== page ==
The first quarter of the year is almost over and Bollywood music is bleeding. In recent history, this is arguably the worst music that has come out of the industry in the first three months. 2017 was not a great year for Bollywood music either but even then, we were saved by OK Jaanu, Rangoon and Phillauri, three really fine albums that were released in the first three months.
Abhinay Deo directed Delhi Belly, a film where its quirky music was a huge part of ensuring the film became a part of the pop culture history books. This made the avid listeners of Bollywood slightly more hopeful of his upcoming directorial venture, Irrfan Khan starrer Blackmail.
‘Happy Happy’ is an original composition composed, produced and sung by Badshah. Aastha Gill accompanies him with the vocals for a track that is really below par in the party-Bollywood genre. The hook is not catchy, the rap is weak, and it in a time where every similar song gets stuck on repeat, this track will largely go unnoticed. Guru Randhawa’s ‘Patola’ has been recreated and used in the film’s music album. Even those who don’t enjoy the genre would be forced to admit that the original ‘Patola’ (that features Bohemia alongside Randhawa) is catchy and fun. This begs the question – why would the makers and T-Series feel the need to remake a 2015 song that is already such a massive hit? Sadly, this is the new Bollywood convention.
Blackmail also has four original compositions from Amit Trivedi, all penned by Amitabh Bhattacharya. ‘Bewafa Beauty’, the song that sees the return of Urmila Matondkar is the most un-Amit Trivedi song that he has created in recent times. Pawny Pandey sings this cabaret/item number. Like ‘Happy Happy’, it is a mediocre track. Thankfully, the worst Trivedi composition is over and the album only gets better from here.
‘Badla’ is the kind of song that one expects from the composer. The revenge-themed rap number is innovative, with the vocals from Trivedi and DIVINE catchy, emotive and fun. The latter doubles up as a lyricist alongside Dhaval Parab for his rap and the two deserve a special mention.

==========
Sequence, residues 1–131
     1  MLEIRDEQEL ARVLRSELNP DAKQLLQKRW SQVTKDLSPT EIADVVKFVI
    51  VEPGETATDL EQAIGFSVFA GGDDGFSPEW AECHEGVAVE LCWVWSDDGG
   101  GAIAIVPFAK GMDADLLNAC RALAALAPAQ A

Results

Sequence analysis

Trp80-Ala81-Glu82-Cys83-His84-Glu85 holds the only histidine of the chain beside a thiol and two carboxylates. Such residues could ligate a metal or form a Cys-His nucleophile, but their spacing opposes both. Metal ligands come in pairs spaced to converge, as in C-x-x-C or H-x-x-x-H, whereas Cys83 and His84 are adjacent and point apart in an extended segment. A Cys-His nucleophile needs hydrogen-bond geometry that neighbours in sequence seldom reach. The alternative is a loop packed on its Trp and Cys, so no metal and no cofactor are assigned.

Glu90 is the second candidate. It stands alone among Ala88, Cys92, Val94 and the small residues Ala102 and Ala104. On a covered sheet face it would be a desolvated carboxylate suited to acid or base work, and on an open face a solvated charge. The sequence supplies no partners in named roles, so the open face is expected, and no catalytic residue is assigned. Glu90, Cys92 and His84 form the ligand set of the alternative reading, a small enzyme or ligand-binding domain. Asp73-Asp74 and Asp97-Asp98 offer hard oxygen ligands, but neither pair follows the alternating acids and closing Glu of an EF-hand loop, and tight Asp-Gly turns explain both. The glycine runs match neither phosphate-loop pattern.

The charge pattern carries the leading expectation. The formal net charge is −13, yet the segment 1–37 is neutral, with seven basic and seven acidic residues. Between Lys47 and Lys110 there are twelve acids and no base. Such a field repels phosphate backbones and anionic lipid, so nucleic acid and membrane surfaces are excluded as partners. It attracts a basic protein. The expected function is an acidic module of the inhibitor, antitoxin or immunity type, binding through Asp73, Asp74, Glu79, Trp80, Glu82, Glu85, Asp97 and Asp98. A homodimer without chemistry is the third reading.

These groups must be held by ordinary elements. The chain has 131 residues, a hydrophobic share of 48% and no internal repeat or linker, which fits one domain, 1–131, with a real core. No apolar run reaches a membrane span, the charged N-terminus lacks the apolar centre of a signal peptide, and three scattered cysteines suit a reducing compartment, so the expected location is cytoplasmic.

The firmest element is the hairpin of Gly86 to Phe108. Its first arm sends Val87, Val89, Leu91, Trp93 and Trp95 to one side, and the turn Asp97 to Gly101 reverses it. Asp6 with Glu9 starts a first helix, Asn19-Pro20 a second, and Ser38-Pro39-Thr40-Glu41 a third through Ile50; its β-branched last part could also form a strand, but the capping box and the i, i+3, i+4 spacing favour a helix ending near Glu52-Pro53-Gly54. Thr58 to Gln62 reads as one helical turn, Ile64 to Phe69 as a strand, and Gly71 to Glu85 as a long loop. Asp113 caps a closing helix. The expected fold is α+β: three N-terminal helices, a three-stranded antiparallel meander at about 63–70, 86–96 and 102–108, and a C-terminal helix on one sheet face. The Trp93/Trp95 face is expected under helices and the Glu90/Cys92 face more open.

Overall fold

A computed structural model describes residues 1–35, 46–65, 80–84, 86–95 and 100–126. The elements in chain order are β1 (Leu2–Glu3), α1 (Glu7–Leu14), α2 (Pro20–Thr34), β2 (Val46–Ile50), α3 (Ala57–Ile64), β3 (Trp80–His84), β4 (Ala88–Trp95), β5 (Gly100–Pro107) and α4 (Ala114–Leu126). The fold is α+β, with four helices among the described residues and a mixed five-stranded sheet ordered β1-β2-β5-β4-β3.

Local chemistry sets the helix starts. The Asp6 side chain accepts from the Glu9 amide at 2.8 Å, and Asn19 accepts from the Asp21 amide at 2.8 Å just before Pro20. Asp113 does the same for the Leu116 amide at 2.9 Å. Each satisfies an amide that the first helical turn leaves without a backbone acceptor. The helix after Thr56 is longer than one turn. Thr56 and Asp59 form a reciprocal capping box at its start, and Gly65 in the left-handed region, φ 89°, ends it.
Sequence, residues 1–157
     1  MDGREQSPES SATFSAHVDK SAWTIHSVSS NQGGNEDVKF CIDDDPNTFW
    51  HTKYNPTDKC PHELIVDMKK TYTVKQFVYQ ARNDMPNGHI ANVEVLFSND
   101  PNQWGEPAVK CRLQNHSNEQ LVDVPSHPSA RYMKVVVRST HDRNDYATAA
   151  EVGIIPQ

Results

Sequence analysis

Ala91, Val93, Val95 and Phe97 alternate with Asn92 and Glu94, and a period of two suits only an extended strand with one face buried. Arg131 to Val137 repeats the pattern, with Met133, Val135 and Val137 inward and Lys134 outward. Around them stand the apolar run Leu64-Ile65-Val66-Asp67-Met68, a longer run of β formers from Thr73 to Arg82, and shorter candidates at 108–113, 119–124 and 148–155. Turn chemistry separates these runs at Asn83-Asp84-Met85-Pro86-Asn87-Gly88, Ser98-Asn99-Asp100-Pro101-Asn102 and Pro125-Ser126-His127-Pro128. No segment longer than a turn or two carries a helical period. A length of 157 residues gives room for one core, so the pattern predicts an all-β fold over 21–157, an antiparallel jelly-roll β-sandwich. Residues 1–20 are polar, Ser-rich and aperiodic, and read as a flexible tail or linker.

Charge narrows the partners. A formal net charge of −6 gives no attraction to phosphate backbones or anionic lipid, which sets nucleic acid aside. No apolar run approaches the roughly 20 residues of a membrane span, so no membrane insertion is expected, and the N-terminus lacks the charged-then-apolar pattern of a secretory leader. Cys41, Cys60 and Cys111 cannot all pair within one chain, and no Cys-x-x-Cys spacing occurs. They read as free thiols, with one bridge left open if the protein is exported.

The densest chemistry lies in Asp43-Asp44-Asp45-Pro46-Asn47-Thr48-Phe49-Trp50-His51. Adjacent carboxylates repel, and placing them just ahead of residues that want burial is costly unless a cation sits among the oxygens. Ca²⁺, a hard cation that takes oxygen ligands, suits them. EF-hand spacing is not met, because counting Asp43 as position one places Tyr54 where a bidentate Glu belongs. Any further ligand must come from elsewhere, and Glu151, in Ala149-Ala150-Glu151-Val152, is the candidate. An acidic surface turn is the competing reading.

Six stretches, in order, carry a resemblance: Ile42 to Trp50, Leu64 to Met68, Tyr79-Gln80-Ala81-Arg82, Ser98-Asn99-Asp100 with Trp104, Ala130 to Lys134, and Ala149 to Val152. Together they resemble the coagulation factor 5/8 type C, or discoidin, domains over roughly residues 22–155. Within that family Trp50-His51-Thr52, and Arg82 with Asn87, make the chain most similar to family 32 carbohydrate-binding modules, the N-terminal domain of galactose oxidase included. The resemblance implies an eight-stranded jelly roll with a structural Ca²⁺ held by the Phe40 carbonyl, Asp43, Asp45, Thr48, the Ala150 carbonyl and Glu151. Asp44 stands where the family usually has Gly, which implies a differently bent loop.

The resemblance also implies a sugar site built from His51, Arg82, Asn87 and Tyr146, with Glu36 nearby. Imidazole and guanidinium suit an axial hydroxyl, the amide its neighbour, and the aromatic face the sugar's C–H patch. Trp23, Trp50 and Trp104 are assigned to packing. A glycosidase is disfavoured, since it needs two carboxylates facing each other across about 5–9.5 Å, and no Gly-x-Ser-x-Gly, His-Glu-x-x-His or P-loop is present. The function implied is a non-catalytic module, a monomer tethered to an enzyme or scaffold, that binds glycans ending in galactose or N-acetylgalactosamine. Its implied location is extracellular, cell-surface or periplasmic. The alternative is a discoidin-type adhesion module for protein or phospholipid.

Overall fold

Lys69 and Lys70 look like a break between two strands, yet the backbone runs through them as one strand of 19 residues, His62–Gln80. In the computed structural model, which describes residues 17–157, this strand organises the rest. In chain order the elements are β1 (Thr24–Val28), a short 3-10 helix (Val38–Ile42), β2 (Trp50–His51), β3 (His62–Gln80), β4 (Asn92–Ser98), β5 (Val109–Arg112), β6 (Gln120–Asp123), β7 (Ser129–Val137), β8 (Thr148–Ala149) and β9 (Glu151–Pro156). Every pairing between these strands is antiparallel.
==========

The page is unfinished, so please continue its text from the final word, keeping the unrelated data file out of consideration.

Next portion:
Trivedi comes behind the mic for ‘Nindaraan Diyaan’, a track that starts slowly and in a sombre fashion, but changes to a fast-tempo rock song, that even gets an anthem style chorus towards the end, and the album is immediately lifted by its presence. Warren Mendonsa is as reliable as ever with his strat.
The album ends with ‘Sataasat’, a song that is quintessentially Trivedi, the melody, the beat, the orchestration, even the ‘aahs’ in the background all point towards the composer. This is the third song where he also handles the vocals in this album. The trumpet, played by Kishore Sodha is definitely a nice touch. This is the kind of song – a trippy, zingy and youthful number – that has been instrumental in building Trivedi’s reputation and it is fitting that the album ends here because this is the sound we have missed from the National Award winner in the last few months.
In a typical T-Series album that unsurprisingly features a rehash of a hit and a track which will get the numbers from its superhit creator, it is the original music from Trivedi that makes it redeemable – three solid songs from the 38-year-old. Perhaps this is the indicator that the rest of 2018 will be better for Bollywood music than the start has been. We’re hopeful.